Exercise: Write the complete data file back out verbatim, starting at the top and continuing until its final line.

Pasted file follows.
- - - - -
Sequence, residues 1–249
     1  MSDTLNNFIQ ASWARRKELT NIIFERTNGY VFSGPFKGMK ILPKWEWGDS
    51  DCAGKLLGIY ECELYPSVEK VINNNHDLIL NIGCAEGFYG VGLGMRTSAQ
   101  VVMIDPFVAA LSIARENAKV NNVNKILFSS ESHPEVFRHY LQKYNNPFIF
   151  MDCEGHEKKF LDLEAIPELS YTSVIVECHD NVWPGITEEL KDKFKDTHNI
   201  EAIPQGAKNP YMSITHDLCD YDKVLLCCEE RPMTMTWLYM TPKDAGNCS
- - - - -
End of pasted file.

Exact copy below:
Sequence, residues 1–249
     1  MSDTLNNFIQ ASWARRKELT NIIFERTNGY VFSGPFKGMK ILPKWEWGDS
    51  DCAGKLLGIY ECELYPSVEK VINNNHDLIL NIGCAEGFYG VGLGMRTSAQ
   101  VVMIDPFVAA LSIARENAKV NNVNKILFSS ESHPEVFRHY LQKYNNPFIF
   151  MDCEGHEKKF LDLEAIPELS YTSVIVECHD NVWPGITEEL KDKFKDTHNI
   201  EAIPQGAKNP YMSITHDLCD YDKVLLCCEE RPMTMTWLYM TPKDAGNCS